‘our journalists, columnists and civil society activists have the gall to be making calls for the Government to ‘do something now’ and to ‘act decisively’ to deal with crime…Not one would have any effect on murder today or next week.’ This seems like a self-serving accusation, not least by scooping all things together and listing noting in particular. One of the problems with Jamaican politicial decision-making has been its willingness to put things off. So, we are forever pushing past the point when decisions should have been made to get maximum effect, and so it is actually harder to find a solution that can deal with almost any of our problems in an instant, because we have allowed them to become deeply ingrained. It does not only relate to crime, but to almost any aspect of our social and economic life. Look at the creaking infrastructure. Look at the simple matter of road signage, that was pointed to yesterday. Look at the systemic weaknesses in so many aspects of public service provision. Look at the feather-bedding in public employment. Look at our serial inability to hold anyone to account. We have wasted time (and money), so will always have to do more now to correct that weakness. 

Whether Mr. Boyne can find one journalist who can say what can be done to affect crime now is not the point; it has been said, by others, at least. I and others, including academics, for police officers, lawyers, the US State Department and more have written and spoken often about how the risk:reward relationship of crime in Jamaica is badly and wrongly skewed. Getting away with crimes is far too easy in almost all spheres.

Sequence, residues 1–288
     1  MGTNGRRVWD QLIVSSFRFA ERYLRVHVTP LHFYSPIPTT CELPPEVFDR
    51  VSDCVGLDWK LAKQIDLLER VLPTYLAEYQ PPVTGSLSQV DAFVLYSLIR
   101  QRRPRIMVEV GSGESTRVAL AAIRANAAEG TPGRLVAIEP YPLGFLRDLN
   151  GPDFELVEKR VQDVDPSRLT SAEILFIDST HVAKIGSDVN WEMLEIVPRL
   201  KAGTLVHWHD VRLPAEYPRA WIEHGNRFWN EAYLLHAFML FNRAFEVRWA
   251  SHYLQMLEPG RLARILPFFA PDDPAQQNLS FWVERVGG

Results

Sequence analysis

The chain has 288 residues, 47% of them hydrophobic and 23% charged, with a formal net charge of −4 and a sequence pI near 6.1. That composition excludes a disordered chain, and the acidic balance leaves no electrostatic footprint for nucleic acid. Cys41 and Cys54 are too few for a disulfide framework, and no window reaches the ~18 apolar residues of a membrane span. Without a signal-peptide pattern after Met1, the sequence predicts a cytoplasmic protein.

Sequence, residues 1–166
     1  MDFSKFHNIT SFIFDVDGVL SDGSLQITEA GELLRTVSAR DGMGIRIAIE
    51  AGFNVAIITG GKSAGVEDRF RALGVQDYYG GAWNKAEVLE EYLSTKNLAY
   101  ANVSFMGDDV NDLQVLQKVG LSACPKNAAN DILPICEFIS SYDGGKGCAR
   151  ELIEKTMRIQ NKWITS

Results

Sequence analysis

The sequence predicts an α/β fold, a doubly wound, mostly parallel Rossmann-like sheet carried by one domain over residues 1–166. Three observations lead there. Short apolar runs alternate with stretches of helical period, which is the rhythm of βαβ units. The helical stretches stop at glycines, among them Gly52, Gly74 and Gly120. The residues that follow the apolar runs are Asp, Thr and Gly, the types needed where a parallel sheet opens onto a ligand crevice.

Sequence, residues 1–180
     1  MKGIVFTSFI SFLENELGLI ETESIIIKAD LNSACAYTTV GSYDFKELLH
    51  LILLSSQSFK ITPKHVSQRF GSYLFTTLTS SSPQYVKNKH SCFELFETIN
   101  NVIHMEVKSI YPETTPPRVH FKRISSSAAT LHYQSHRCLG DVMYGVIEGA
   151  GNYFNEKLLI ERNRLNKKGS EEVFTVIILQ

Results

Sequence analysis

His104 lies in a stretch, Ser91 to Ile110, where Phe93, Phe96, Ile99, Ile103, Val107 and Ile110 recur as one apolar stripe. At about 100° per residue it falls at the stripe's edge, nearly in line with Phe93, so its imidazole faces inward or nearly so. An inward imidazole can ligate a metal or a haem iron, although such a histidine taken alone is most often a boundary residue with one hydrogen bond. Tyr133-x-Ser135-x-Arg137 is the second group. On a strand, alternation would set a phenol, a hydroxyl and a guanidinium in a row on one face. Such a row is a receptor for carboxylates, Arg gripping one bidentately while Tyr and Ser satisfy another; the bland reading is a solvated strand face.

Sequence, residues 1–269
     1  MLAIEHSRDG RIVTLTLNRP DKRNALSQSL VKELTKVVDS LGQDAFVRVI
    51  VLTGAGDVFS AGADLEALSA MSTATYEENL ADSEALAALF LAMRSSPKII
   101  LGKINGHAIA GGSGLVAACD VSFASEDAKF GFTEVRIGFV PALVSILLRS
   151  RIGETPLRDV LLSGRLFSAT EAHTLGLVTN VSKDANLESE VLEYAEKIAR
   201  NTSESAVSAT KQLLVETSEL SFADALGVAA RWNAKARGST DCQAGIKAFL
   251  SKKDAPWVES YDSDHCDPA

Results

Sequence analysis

One simple thing to do now is for the police to do a better job first of policing, including catching criminals, and for the justice system to do a better job of trying and convicting them. Without fighting over the meaning of ‘clear up’ rate, we know that a low percentage of alleged murderers get caught and under 10 percent of them get convicted. That is either because the wrong people are caught, the defence lawyers are better than the prosecution, the juries are more complicit, or judges are more lenient, or some combination of those factors. That can change with the very next trial (call that ‘today’) and go back to the process of police investigation to be able to mount strong cases in court, so help raise the success rate in the future.

Now, the meat of the matter. Mr. Boyne is happy:

I was happy to hear the prime minister announce that “we will be creating the legislative environment to support the establishment of the rule of law in communities where it is absent and to separate criminals from communities they have captured.” He went on to say: “We will be creating under this framework, zones where the security forces and other Government agencies will be able to conduct special long-term operations in high crime areas, including extensive searches for guns and contraband.” Excellent!

‘People in inner-city communities know that there are certain criminals who are well-known but whom nobody can testify against in a court of law. These guys can hire the best attorneys to defend them or to get them on bail where they can kill more people.’

‘But I am calling for locking down certain communities, locking away certain known crime perpetrators; going into homes without search warrants and stopping vehicles on the road. Curtail some of my civil liberties in the interest of all. You can’t have human rights if there is not a viable state. We cannot allow Jamaica to become a failed state and to let our prospects for economic growth evaporate before our eyes because our politicians and chattering classes are cowards.’